Many people had questioned if it would ever happen and I was starting to wonder what would come first, the end of the world or QPR’s first win of the season. With 21st December fast approaching it was looking like a touch and go affair. Yet this weekend proved that miracles do happen, and Queens Park Rangers managed to win a Premier League game at long last, due to Adel Taarabt.
The 2-1 victory over their local rivals Fulham was long overdue and achieved thanks to a mercurial performance from their eccentric and unpredictable playmaker Adel Taarabt, who scored the two crucial goals. His display led to Harry Redknapp saying it was “one of the all-time greats”, before the new QPR manager compared Taarabt to a familiar face: Paulo Di Canio. Consequently, I thought I’d delve into the topic of aces in the pack that have saved relegation threatened teams.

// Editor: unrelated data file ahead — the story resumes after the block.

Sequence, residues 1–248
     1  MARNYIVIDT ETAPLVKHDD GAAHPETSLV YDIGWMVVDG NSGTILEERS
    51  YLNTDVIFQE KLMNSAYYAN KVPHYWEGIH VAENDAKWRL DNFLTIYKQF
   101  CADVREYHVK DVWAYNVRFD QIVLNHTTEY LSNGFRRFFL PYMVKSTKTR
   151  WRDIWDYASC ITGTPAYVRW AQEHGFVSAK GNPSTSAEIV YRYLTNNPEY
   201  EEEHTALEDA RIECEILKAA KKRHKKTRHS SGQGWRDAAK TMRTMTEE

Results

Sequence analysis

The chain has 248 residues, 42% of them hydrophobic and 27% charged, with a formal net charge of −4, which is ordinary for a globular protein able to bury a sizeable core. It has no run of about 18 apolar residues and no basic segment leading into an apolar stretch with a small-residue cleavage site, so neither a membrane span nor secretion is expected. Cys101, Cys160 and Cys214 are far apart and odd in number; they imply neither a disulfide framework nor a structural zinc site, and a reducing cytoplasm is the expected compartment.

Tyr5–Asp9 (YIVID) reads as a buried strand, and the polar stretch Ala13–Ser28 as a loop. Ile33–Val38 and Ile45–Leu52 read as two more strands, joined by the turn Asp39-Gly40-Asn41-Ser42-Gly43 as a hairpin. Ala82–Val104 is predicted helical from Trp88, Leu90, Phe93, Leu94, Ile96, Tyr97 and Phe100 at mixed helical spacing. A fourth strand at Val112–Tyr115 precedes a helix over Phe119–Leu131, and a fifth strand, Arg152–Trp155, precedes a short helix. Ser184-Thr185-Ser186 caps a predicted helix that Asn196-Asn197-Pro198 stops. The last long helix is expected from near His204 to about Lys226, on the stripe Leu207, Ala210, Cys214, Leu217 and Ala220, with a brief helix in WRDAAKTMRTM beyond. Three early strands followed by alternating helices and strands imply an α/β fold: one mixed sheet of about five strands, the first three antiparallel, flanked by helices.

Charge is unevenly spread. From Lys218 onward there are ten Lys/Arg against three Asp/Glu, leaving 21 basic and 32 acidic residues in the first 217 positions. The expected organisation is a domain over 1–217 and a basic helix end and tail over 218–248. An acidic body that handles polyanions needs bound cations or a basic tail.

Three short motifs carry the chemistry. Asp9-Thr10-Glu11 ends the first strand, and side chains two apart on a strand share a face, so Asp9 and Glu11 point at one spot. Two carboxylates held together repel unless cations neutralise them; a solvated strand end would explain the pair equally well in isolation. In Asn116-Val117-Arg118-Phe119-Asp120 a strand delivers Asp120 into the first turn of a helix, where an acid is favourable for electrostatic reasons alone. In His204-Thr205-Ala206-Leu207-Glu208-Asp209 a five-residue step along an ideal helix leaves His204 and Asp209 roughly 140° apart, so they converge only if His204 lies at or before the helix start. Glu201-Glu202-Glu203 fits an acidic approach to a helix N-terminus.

It’s a well known paradigm that the players that are required to get a team out of trouble are predominantly the honest, hard working men of steel that will run through brick walls for the team. After all, a relegation battle is a war zone, and no place for your average stroppy, terribly inconsistent fluorescent footed winger. Consequently, players like Junior Hoillet and Esteban Granero have been pushed out of the QPR team by Redknapp and have been replaced by the likes of Clint Hill, Shaun Derry and Jamie Mackie. Yet, teams like QPR that desperately need wins invariably need a match winner, and Adel Taarabt is far more likely to be one than Ryan Nelsen is, with all due respect. I’ve even given Taarabt the ultimate vote of confidence, by putting him in my Fantasy Football team.
Over the years, some teams have relied heavily upon their talismanic flair players to get them out of trouble. For instance, how many years would Southampton have stayed up for in the 1990s without Matthew Le Tissier? Instead, they’d have had to have relied on the likes of Chris Marsden, Francis Benali and Ali Dia to dig them out of trouble.